When I went back to Hamleys they were closing. The awnings had been pushed back above the windows, a metal gate had been drawn halfway across the entrance. All the lights had been turned off on the upper floors. It felt so final, that shutting down of things. The great street was almost deserted. I felt a wash of such great loneliness, a churning of such utter helplessness that, for a moment, I was the lost child weeping on a cold London street.
The manager accompanied me to Savile Row. His name, I think, was Mr Moneypenny, a good name for the manager of a shop. I do not remember saying a word to him all the way from Hamleys. Perhaps I did, but my mind was a blank, I could not have made sense. He was a man in his mid-forties or thereabouts, a well-dressed man with gently curling hair and a carnation in his buttonhole. I think he was genuinely upset by what had happened, not merely that it had occurred in his shop, that a child had been taken from her father there, but for the thing itself, for me myself.
I showed him a photograph I carried of Naomi, one that had been taken the summer before, when she was a little younger. How much a few months matter at that age. I do not have that photograph now, the police took it from me, it was never returned. Perhaps they thought I would not need it. Perhaps no one really cared.
But they were at least considerate. Enough time had passed by now for them to accept that something untoward had happened. They let me ring Laura. In all my life, I have never had . . . Of all things, I find these the most difficult to write about, that telephone call, that explanation, that sense of guilt. It has never left me, that feeling of personal blame, that conviction that I was responsible for our daughter’s disappearance, for what happened afterwards. Laura said she would leave for London right away, she would come by car. I asked her to drive carefully.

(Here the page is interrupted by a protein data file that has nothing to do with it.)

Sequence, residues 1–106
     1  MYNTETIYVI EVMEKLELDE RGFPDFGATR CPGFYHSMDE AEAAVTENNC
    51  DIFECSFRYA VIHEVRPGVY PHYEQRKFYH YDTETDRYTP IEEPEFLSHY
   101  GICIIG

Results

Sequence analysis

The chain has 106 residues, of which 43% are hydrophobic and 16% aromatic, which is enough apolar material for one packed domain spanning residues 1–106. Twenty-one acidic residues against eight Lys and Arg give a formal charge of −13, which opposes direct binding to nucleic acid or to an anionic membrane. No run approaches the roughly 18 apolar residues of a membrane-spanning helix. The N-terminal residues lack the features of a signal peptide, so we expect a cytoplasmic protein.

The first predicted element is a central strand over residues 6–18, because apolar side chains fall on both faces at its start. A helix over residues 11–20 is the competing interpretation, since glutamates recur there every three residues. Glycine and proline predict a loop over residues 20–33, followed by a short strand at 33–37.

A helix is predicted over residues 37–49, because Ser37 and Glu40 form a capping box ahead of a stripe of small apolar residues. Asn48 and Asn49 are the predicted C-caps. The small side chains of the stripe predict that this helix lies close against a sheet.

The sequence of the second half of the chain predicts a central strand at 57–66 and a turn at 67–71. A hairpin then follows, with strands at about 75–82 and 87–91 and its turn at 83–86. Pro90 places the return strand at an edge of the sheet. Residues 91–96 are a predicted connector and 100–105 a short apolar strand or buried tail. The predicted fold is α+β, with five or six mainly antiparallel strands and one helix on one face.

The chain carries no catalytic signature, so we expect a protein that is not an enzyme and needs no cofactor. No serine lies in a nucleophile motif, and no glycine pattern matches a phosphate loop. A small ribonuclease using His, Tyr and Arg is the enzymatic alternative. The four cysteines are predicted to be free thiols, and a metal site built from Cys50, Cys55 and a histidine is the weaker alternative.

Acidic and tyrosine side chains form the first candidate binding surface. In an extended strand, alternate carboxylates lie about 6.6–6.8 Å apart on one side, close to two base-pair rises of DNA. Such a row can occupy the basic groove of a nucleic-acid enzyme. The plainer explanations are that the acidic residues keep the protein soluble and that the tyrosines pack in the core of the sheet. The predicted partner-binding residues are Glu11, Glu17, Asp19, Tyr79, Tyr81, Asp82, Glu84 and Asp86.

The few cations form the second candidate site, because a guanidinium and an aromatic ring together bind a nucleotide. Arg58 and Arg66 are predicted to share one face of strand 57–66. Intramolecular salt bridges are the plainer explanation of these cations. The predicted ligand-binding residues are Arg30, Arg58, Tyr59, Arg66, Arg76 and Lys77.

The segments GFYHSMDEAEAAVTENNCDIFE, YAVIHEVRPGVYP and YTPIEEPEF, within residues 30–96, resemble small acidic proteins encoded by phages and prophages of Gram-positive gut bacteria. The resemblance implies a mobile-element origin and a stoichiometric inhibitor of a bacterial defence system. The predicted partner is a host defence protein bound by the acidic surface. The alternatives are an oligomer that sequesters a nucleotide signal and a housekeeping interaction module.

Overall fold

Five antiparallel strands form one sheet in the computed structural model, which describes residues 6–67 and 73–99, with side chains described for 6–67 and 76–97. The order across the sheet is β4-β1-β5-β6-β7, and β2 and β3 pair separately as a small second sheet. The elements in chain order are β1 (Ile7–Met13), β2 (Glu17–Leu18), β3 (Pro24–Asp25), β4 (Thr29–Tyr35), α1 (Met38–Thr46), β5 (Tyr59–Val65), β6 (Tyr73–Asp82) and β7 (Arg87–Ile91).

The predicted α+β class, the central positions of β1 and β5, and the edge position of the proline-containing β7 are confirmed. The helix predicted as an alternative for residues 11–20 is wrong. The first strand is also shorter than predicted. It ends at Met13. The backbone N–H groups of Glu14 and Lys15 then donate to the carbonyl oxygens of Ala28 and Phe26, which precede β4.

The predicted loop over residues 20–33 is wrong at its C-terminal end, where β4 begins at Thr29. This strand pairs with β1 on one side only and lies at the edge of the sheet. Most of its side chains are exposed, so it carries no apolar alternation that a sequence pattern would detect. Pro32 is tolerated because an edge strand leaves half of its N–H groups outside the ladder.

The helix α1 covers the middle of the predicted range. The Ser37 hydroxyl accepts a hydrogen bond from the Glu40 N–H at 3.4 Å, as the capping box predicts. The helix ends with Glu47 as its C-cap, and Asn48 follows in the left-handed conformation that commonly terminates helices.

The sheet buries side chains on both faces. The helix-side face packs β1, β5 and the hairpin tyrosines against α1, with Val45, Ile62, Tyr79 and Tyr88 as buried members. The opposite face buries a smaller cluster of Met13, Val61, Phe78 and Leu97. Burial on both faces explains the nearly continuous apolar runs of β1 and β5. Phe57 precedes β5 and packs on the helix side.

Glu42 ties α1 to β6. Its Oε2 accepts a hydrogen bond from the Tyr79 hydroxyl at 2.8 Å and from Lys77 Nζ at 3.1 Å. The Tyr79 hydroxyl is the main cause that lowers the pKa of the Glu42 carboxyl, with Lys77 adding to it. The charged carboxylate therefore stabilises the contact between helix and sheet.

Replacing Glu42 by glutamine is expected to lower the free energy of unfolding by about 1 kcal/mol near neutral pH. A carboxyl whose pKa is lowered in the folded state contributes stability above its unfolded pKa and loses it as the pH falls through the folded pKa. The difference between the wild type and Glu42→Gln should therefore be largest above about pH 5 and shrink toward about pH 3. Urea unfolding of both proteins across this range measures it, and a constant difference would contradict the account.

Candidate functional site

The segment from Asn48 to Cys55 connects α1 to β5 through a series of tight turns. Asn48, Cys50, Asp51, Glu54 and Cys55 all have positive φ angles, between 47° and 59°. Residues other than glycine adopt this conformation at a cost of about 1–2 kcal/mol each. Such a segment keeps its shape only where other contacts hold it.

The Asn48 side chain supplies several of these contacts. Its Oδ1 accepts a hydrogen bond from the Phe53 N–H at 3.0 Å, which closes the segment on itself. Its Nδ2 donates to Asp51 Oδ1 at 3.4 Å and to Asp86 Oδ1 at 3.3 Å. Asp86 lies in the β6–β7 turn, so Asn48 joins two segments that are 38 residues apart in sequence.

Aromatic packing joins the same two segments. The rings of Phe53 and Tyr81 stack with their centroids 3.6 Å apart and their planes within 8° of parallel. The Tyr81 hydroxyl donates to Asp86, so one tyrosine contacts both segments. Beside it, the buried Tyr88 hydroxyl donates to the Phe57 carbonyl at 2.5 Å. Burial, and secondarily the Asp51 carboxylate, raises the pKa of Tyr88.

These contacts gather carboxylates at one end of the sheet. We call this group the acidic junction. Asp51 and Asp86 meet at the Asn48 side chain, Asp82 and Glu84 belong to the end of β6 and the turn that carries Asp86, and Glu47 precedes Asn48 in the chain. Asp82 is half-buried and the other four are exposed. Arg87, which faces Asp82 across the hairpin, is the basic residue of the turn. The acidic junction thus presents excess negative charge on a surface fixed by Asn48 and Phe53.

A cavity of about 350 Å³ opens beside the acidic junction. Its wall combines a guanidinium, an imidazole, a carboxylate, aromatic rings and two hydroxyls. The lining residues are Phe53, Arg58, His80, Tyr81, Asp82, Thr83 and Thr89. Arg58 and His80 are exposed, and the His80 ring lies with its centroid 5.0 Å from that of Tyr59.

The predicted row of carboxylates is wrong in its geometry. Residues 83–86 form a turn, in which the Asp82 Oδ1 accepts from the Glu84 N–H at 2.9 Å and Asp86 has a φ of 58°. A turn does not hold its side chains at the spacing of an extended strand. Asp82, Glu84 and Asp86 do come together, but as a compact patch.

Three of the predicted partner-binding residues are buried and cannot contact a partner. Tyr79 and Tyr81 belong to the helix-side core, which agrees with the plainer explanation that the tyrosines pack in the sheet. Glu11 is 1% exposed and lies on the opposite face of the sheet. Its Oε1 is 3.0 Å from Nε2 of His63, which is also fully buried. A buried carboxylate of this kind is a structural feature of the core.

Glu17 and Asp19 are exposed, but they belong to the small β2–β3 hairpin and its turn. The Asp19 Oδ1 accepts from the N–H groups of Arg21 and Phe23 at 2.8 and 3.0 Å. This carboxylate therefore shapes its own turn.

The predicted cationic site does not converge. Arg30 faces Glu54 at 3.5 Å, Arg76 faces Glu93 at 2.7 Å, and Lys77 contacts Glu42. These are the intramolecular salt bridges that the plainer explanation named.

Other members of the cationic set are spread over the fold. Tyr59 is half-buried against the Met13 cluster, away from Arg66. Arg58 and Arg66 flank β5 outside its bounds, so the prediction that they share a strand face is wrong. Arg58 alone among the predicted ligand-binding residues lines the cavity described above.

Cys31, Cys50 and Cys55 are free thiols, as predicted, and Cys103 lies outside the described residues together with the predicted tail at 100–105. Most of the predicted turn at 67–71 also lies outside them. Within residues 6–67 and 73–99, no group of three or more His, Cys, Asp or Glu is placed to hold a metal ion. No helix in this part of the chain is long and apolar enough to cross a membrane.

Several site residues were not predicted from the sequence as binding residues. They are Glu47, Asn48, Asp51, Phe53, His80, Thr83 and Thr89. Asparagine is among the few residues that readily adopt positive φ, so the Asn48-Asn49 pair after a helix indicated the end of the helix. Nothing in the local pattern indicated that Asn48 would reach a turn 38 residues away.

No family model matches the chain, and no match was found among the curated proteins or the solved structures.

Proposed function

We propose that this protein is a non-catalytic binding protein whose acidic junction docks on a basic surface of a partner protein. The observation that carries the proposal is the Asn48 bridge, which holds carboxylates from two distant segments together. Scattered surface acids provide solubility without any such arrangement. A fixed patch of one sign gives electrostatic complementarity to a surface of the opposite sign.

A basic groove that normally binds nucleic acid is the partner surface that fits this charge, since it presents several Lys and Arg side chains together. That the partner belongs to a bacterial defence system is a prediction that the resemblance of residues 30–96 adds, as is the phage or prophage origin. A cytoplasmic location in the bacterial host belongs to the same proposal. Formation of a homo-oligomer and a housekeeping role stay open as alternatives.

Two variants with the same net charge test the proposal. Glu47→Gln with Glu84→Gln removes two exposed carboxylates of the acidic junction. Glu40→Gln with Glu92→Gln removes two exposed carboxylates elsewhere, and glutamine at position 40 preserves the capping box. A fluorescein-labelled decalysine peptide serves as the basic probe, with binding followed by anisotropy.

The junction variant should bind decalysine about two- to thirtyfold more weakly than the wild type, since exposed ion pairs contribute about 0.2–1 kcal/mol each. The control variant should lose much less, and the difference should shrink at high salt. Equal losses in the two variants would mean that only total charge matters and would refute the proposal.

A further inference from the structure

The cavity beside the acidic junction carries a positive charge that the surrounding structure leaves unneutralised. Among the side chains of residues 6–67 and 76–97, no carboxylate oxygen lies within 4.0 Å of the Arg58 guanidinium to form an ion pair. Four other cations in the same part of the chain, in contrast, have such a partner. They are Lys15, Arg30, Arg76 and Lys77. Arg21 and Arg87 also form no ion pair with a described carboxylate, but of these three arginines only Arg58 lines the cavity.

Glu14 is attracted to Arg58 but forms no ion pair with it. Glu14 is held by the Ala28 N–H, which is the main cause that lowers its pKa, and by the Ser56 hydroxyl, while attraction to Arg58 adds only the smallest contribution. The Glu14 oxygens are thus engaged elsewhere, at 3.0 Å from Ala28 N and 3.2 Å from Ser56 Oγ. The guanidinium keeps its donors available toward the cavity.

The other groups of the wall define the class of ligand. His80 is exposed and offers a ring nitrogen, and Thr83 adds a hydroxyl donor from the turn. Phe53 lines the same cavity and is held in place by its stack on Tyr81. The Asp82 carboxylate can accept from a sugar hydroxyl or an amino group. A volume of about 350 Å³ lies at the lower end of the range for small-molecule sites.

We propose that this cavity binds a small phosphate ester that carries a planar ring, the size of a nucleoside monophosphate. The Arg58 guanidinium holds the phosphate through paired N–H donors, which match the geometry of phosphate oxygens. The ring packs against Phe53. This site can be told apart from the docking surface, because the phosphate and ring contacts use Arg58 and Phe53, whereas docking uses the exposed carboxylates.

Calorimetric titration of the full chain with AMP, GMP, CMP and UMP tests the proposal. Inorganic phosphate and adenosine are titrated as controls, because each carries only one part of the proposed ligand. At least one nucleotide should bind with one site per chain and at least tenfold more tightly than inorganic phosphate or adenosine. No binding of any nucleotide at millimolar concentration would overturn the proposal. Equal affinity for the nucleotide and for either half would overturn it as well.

It is easy to see what must have happened. Naomi got separated from me in the crush. Her abductor found her almost straight away, promised to help her find me, spirited her away in a different direction. If he had already been watching, he will have known who I was. By the time she suspected anything was amiss, Naomi was out of sight and out of earshot. Even if she started crying, even if she kicked up a fuss, who would have noticed a weeping or screaming child in a large toyshop on Christmas Eve?
No, I do not mean ‘noticed’. Later, witnesses did come forward, saying that they remembered a little girl in a yellow coat crying as she was taken out of the store. Dozens of people must have noticed her. But they took no notice, that is the point. Why should they have? She would have been the sixth or seventh fractious infant seen by them that day. Some of them will have had bad-tempered or upset children of their own in tow. Too much excitement, too great a stimulus, too large a crowd: what more natural than that a child should weep or a parent drag her, in spite of her tears, out to the open street.
Laura arrived in a little over an hour. She had not paused to change her clothes or pack a bag, she had simply rushed to the car and put her foot to the floor all the way down the A10. By the time she reached Savile Row, a full-scale search was under way. It was too late, of course it was too late, but how could we have known that then? I do not mean that Naomi was dead, that it was too late in that sense. Quite the opposite. Dear God, quite the opposite.